‘Fred Claus’: like ‘The Santa Clause,’ only less clever 

Say what you will about its sequels (or its star, Tim Allen; be sure to grunt afterward), but The Santa Clause wasn’t half bad. I mean, St. Nick actually bites it within, like, the first 20 minutes of that movie, am I right? The mythology was precise; the sleigh a miracle of modern technology, and that head-elf guy is on Numb3rs now. Could it be the best family holiday movie in years? Surely not. The Christmas Movie is, in my mind, so one-up-able. This year’s Santa stand-in, Fred Claus, alas, doesn’t rise to the occasion.

Not that I had wholly deluded myself into believing that David Dobkin and Vince Vaughn, Wedding Crashers’ director and star, respectively, could really make it happen in the PG realm. But get a load of the cast: Paul Giamatti, Rachel Weisz, Kathy Bates, Kevin Spacey …

Nuh-uh. I’m watching Fred Claus wondering: You actually read this script before you accepted?

The deal is Nick Claus (Giamatti) gets canonized during his lifetime, and the secret perk of sainthood is — how dare you Catholics keep this from us — that neither you, nor your relatives, nor your spouse ever have to taste the bitterness of death. Woohoo, yeah? Some are bound to utilize this eternal life better than others, and Fred Claus, Nick’s older brother, decided to stick with the whole fast-talking, working-class, entrepreneurial, Vince Vaughn thing. It isn’t a very profitable way of life, and after failing his beautiful meter-maid girlfriend (Weisz) one time too many, Fred takes to stealing and ends up in the slammer. Only his little (why-can’t-you-be-more-like-your) brother, Father Christmas, can swing the cash for bail — and a little extra, for Fred’s business venture.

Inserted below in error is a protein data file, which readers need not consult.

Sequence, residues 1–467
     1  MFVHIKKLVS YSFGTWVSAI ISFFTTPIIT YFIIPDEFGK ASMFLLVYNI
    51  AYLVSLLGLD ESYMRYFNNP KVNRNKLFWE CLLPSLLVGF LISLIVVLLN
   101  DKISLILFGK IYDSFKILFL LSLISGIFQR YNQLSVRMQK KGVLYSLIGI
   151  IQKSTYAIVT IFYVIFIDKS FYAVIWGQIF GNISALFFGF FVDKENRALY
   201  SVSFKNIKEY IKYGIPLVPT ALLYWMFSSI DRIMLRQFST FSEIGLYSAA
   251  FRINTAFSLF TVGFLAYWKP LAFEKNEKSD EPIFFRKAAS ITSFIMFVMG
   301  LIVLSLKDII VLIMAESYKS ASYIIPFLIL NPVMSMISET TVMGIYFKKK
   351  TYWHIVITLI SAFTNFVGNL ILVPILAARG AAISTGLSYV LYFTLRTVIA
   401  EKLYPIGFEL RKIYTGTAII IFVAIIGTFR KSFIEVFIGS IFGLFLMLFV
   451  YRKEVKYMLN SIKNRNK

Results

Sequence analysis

But Santa isn’t just giving away free money, thanks to his wife’s “tough love” policy, anyway. Fred must earn his bail in the North Pole, thus the film’s main conceit: Vince Vaughn is tall, elves are short. Ergo: Vaughn in an elf-sized bed (creepy), Vaughn teaching an elf to dance (creepier), Vaughn using a urinal next to an elf (creepiest). Pitifully, the elf in question is the wonderful actor John Michael Higgins, regular of Christopher Guest’s films and, unforgettably, Wayne Jarvis of Arrested Development. Thanks to unconvincing computer effects, at least he and Vaughn never look as though they’re actually inhabiting the same plane.

The filmmakers seem to have attempted to cover for the half-assed CGI with sound effects (of the “boing!” kind, not the sort you get an
Oscar nom for), and by speeding-up the action in certain sequences.

Kevin Spacey, between this and Superman Returns, has been watered-down in a bad way. His villain’s “the little tree that refuses to grow right” speech is hardly coherent enough to rouse Fred’s anger toward his sunlight-hogging, great oak of a bro-bro. (Plus, Fred was born first, so the guy had like, six years of photosynthesis to himself. Cry about it.)

The family-film thing is a tricky balance, and at least writer Dan Fogelman didn’t go the Shrek route. If you can bear it, Fred Claus is good, clean fun (with bad, bad logical problems, icky effects, and low-balling actors). Maybe try The Santa Clause. •

Fred Claus
Dir. David Dobkin; writ. Dan Fogelman; feat. Vince Vaughn, Paul Giamatti, Miranda Richardson, Kathy Bates, Rachel Weisz, John Michael Higgins, Elizabeth Banks (PG)

More by Ashley Lindstrom



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